My Reading List in 2013

This past year, for the first time since middle school, I kept track of the books I read. And I am SO happy I did! It made me read more critically and it helped me make better recommendations to friends. I'm definitely doing it again this year, a year in which I suspect I will be reading a lot as I prepare to deliver and nurse again (I found I read a ton while nursing last time). I also learned that I was correct in my assessment that I read two books per week, on average, as my 2013 total was an even 100. I didn't read as much serious non-fiction as I suspected, but that's because of both terrible morning sickness that made it easier to get lost in a story and because of all the writing and promotion I did for my own book, which was released in September. People ask me how/why I read so much and the simplest and truest answer is that reading still shows me new people and places and ideas-- and it's basically my favorite activity in the whole world. I can't imagine that changing and I love sharing it with my boys. I suppose if you count board/children's books, I have read hundreds of books this year, ha ha. Look forward to modeling good reading for the family (on hard copy paper and in e-form) for years and years to come...

Of the 100, here were my Top 10 from 2013, all of which I have already, and will again, recommend. Listed here in the order in which I read them; some of them surprised me in making the cut but they are the ones that stayed with me long after finishing.

1. The Housekeeper and the Professor by Yoko Ogawa

2. Wonder by R.J. Palacio

3. The Innocents by Francesca Segal

4. The Art Forger by B.A. Shapiro

5. Expecting Better: Why the Conventional Pregnancy Wisdom is Wrong and What You Really Need to Know by Emily Oster

6. The Yonahlossee Riding Camp for Girls by Anton DiScalfani

7. The English Girl by Daniel Silva

8. The Good House by Ann Leary

9. The Lowland by Jhumpa Lahiri

10. Through the Evil Days by Julia Spencer-Fleming

Honorable Mentions: Will Grayson, Will Grayson by John Green and David Levithan; Summer of the Gypsy Moths by Sara Pennypacker; andThe Secrets of Happy Families by Bruce Feiler.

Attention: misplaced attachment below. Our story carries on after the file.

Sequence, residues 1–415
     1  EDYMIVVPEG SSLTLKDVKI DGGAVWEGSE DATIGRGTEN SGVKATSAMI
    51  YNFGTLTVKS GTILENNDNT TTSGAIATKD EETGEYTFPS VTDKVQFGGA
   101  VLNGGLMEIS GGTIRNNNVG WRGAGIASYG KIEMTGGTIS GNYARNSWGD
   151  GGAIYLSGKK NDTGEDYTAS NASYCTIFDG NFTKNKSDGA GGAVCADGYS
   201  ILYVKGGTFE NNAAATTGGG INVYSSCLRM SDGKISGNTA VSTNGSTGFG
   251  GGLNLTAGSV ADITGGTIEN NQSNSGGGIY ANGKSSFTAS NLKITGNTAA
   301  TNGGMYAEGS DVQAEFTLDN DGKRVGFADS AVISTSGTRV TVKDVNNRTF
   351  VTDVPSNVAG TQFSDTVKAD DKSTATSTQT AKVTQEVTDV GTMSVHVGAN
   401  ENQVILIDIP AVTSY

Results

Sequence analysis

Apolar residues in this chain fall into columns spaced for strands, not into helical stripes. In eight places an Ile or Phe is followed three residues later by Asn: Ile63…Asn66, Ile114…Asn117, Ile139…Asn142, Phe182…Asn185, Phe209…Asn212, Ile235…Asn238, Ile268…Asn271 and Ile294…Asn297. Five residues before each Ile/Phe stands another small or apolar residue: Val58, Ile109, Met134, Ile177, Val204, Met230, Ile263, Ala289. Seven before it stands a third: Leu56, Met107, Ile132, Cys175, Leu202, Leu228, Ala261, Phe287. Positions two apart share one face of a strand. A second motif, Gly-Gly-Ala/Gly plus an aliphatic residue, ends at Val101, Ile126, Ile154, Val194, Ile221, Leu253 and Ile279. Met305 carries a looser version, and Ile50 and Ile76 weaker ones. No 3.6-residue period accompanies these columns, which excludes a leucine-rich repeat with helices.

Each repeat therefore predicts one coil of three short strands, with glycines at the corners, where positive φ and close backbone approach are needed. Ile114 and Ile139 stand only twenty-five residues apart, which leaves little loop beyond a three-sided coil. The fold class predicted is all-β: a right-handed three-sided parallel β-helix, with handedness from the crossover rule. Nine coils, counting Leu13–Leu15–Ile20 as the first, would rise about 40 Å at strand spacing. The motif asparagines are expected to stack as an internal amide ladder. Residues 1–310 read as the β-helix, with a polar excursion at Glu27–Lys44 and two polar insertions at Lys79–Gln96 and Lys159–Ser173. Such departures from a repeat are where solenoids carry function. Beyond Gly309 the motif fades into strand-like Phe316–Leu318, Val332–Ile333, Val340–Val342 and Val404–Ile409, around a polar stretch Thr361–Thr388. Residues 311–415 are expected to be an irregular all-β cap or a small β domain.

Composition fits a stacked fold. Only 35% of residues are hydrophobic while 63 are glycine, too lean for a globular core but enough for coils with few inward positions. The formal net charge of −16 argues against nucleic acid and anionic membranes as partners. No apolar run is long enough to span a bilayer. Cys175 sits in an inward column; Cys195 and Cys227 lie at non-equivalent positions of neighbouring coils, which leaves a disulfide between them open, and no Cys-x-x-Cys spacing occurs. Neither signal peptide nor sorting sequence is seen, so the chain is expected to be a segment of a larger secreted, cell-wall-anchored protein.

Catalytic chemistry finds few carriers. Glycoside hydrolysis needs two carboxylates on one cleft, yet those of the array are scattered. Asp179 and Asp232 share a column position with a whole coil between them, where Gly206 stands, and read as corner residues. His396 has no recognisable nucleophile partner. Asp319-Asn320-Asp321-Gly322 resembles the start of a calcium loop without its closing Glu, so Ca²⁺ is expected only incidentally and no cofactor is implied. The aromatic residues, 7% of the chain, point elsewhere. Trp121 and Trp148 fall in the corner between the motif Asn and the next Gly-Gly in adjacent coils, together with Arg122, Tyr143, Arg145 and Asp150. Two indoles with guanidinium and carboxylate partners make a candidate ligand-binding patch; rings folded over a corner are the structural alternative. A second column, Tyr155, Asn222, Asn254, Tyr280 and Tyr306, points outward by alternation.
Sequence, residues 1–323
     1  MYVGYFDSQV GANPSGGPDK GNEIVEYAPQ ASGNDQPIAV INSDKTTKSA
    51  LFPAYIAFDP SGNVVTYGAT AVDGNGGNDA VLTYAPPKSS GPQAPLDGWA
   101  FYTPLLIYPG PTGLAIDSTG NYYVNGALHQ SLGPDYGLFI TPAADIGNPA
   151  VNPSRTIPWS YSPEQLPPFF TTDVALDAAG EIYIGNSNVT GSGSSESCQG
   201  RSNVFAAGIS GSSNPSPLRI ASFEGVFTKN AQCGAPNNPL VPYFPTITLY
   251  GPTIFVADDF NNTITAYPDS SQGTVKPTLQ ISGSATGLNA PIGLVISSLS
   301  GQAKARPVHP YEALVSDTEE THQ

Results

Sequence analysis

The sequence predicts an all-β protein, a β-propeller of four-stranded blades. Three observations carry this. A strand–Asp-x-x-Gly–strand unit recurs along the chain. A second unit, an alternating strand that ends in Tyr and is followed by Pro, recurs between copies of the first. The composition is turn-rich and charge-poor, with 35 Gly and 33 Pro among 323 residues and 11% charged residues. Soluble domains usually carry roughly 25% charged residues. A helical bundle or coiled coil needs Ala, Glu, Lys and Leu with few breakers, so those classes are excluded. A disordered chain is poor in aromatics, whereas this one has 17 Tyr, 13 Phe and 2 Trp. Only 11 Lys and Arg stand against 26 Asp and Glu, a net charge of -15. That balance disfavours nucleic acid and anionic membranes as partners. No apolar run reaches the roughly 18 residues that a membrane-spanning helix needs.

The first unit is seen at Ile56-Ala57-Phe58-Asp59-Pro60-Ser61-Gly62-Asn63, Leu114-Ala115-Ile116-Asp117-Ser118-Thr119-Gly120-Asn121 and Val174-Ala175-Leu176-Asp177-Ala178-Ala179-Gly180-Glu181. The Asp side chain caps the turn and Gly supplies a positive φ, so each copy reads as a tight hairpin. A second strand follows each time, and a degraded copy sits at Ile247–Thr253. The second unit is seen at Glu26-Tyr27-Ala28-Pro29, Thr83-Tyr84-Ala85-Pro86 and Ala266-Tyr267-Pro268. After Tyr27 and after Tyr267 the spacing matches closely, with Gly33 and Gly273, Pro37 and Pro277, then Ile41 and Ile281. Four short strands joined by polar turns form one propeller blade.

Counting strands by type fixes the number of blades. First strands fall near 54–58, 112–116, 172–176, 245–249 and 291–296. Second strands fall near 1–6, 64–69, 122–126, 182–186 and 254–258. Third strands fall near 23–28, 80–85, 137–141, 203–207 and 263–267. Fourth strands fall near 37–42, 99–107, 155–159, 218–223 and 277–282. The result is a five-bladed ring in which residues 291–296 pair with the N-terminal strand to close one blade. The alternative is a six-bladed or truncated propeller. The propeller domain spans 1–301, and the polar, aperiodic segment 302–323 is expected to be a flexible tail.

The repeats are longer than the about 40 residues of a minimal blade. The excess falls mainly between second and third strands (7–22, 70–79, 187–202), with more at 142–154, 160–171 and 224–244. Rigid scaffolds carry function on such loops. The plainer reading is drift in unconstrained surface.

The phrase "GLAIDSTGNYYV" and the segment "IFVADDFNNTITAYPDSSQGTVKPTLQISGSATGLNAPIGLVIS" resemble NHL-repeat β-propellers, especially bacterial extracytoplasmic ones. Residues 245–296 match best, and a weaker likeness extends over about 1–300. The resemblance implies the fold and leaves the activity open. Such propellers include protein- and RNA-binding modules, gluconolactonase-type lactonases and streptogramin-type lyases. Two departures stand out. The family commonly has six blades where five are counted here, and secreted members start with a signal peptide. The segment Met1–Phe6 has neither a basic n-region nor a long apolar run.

And I already have my first entry in for 2014! One change I plan to make to the list this year is that I didn't find it particularly useful or meaningful to report/record the way in which I read the book (iPad vs. Hard/softcover), so I plan to drop that this year.

Happy Reading in the New Year, everyone. :)


I not only get to write books these days, I also get to write ABOUT books

Books are my life these days-- and I wouldn't have it any other way! If I'm not reading or writing about my own book, I've been enjoying writing about *other* people's books.

As a non-fiction writer I especially appreciate the clear prose and narrative, but research-based, focus in books like Emily Bazelon's Sticks and Stones.

0-2Here's part of my recent review on the Brain, Mother blog:

The 1999 Columbine massacre changed the way we see bullying in schools. Since then 49 states have passed laws addressing bullying. In her recent book, Sticks and Stones: Defeating the Culture of Bullying and Rediscovering the Power of Character and Empathy, Emily Bazelon, a lawyer and journalist, shows how in post-Columbine America bullying has become one of the biggest stories about 21st century childhood.

And, yet, according to Bazelon’s research, things aren’t as dire as you might think. The stats show that somewhere between 15-20% of kids are regularly involved in bullying (either as victims or bullies) and while cases of bullycide are tragic, often there are underlying issues such as mental illness. To make her case Bazelon draws on Scandinavian research, analysis of legal cases, and in-depth investigation of three high profile cases involving children in the Northeast.

Sticks and Stones is divided into four parts; the first two focus on the stories of Monique, Jacob, and Flannery, while the third focuses on a synthesis of research, and the fourth on conclusions and tips to combat bullying. I found Part III to be the most compelling, particularly Chapter 9, “Delete Day,” which concentrates on Bazelon’s visit to Facebook and what the social media giant is doing about cyberbullying.

Bazelon writes: “The electronic incarnation of bullying also changed the equation for adults by leaving a trail.” Kids today care more about having a Facebook account suspended than getting suspended by their schools, so she argues that the company should do more protect teens (Bazelon suggests a simple solution that Facebook make the default settings private for any teenage account holder, which Facebook hasn’t yet done).


In the print version of the current issue of Brain, Child Magazine I have a review essay on fact-based pregnancy books. You can read that in full BY CLICKING HERE! Oh, and for the record, this pregnancy I have had NO desire to eat that Sierra Turkey sandwich (too spicy for this expecting momma)... Maybe I simply don't want it since I gave myself permission to eat it?

I'm extremely excited that soon others will be sharing their thoughts on my book. And, get this, it was just announced that PLAYING TO WIN is the focus of The Brilliant Book Club: Illuminating Reads for Parents. Definitely a club after my own heart. Stay tuned for more!